But this war is so big a thing, as wars go, that an engagement of this size is likely to be forgotten in a day or a week. Yet, I warrant you, the people of La Buissiere will not forget it. Nor shall we forget it who came that way in the early afternoon of a flawless summer day. Let me try to recreate La Buissiere for you, reader. Here the Sambre, a small, orderly stream, no larger or broader or wider than a good-sized creek would be in America, flows for a mile or two almost due east and weSt. The northern bank is almost flat, with low hills rising on beyond like the rim of a saucer. The town—most of it—is on this side. On the south the land lifts in a moderately stiff bluff, perhaps seventy feet high, with wooded edges, and extending off and away in a plateau, where trees stand in well-thinned groves, and sunken roads meander between fields of hops and grain and patches of cabbages and sugar beets. As for the town, it has perhaps twenty-five hundred people— Walloons and Flemish folk—living in tall, bleak, stone houses built flush with the little crooked streets. Invariably these houses are of a whitish gray color; almost invariably they are narrow and cramped-looking, with very peaky gables, somehow suggesting flat-chested old men standing in close rows, with their hands in their pockets and their shoulders shrugged up.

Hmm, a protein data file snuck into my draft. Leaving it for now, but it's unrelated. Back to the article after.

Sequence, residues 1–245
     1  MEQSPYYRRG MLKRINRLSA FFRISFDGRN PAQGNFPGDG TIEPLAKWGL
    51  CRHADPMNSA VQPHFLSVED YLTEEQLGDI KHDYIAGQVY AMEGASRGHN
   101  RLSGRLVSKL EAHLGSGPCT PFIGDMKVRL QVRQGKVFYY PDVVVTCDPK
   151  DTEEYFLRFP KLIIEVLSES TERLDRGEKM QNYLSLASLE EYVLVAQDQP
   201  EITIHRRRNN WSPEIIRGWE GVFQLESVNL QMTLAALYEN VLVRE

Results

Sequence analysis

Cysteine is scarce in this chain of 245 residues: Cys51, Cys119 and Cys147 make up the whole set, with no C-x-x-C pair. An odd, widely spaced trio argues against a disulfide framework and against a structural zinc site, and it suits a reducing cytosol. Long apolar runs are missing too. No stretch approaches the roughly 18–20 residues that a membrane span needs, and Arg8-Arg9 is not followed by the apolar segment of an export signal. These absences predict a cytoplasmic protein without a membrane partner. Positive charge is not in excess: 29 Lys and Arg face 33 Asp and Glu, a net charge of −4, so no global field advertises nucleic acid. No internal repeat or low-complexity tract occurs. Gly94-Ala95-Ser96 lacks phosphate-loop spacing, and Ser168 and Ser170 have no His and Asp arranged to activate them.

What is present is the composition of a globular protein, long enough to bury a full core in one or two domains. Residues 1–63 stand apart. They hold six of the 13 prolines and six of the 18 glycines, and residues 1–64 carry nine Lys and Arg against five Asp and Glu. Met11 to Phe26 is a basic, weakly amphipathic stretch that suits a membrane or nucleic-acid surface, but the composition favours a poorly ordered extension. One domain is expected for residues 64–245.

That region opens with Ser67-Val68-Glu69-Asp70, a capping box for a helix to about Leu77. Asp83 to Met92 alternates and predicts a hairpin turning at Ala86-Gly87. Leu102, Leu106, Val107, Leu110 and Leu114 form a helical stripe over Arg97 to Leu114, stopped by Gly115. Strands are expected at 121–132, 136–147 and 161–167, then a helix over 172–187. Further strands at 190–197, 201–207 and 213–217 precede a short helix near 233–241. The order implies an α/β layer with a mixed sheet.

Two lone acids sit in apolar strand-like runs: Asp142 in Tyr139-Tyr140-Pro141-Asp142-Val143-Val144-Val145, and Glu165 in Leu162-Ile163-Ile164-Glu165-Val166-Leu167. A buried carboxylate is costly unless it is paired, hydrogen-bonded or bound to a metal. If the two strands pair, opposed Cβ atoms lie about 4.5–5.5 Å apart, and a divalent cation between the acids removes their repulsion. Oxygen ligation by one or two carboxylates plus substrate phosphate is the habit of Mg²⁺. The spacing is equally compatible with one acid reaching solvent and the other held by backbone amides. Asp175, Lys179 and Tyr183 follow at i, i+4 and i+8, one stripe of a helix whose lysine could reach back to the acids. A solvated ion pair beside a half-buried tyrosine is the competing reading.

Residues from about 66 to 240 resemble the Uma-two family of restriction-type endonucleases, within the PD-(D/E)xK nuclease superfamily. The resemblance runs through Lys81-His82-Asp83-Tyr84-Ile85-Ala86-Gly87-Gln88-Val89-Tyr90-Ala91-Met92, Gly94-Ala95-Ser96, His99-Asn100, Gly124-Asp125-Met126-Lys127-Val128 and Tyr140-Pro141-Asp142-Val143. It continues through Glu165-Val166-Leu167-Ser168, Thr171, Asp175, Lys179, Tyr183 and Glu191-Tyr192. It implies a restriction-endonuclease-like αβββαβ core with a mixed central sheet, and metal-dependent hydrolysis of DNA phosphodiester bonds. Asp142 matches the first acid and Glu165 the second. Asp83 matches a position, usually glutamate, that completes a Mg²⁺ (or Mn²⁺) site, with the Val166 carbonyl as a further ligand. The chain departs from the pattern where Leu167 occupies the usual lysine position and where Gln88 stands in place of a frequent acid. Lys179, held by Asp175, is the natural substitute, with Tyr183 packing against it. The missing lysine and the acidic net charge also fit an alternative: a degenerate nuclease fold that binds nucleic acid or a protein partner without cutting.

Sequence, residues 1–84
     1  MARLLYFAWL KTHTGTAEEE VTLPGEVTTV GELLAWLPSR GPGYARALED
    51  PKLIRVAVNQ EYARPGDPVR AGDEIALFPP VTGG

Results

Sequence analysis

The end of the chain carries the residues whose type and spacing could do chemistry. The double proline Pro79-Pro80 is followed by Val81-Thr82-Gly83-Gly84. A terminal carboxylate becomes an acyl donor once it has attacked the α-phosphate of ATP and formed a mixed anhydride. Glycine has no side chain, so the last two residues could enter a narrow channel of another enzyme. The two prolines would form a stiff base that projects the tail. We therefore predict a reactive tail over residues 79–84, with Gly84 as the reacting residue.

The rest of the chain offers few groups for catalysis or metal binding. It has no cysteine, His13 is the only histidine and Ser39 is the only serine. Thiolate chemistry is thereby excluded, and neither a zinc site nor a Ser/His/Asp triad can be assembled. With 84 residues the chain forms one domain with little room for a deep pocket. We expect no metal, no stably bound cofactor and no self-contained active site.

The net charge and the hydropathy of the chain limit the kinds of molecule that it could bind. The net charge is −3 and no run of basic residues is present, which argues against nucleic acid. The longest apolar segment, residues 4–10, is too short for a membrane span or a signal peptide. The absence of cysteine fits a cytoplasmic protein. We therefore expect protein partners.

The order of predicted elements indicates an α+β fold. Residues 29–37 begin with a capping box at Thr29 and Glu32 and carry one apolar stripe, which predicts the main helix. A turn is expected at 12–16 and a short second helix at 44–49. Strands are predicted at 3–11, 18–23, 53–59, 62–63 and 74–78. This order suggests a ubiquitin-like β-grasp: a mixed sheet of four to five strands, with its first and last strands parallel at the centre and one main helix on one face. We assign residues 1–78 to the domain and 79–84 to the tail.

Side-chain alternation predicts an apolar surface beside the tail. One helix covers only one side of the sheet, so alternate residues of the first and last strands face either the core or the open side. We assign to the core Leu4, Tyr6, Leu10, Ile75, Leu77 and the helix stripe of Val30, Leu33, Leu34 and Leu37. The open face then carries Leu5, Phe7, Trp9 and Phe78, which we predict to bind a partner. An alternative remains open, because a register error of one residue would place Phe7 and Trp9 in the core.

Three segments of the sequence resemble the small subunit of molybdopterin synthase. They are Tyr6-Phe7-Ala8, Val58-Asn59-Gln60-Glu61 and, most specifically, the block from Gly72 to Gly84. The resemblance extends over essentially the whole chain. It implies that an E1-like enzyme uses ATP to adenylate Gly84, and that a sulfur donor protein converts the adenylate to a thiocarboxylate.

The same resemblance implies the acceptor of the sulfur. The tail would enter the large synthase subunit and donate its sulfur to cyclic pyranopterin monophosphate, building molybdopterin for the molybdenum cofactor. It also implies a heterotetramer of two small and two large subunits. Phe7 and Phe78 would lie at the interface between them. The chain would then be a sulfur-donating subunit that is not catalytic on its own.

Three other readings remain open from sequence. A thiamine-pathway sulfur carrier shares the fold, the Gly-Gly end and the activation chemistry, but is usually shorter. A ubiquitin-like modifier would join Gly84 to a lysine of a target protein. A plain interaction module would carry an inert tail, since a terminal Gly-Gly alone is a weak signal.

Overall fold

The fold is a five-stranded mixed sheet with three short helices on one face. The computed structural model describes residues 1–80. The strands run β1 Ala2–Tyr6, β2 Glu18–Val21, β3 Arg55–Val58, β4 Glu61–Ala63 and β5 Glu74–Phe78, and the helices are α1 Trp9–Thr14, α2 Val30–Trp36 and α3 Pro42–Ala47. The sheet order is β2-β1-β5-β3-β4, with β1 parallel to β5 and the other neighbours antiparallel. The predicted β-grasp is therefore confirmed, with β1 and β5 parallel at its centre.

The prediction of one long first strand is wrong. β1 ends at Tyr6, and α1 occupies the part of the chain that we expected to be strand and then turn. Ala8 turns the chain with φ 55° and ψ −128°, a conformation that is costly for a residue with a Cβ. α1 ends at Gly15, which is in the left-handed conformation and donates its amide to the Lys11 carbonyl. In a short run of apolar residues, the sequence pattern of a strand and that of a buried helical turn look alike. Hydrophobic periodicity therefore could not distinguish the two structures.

A canal bisects one corner of the place, and spanning the river there are—or were—three bridges, one for the railroad and two for foot and vehicular travel. There is a mill which overhangs the river—the biggest building in the town—and an ancient gray convent, not quite so large as the mill; and, of course, a church. In most of the houses there are tiny shops on the lower floors, and upstairs are the homes of the people. On the northern side of the stream every tillable foot of soil is under cultivation. There are flower beds, and plum and pear trees in the tiny grass plots alongside the more pretentious houses, and the farm lands extend to where the town begins.
This, briefly, is La Buissiere as it looked before the war began—a little, drowsy settlement of dull, frugal, hard-working, kindly Belgians, minding their own affairs, prospering in their own small way, and having no quarrel with the outside world. They lived in the only corner of Europe that I know of where serving people decline to accept tips for rendering small services; and in a simple, homely fashion are, I think, the politest, the most courteous, the most accommodating human beings on the face of the earth.
Even their misery did not make them forget their manners, as we found when we came that way, close behind the conquerors. It was only the refugees, fleeing from their homes or going back to them again, who were too far spent to lift their caps in answer to our hails, and too miserably concerned with their own ruined affairs, or else too afraid of inquisitive strangers, to answer the questions we sometimes put to them.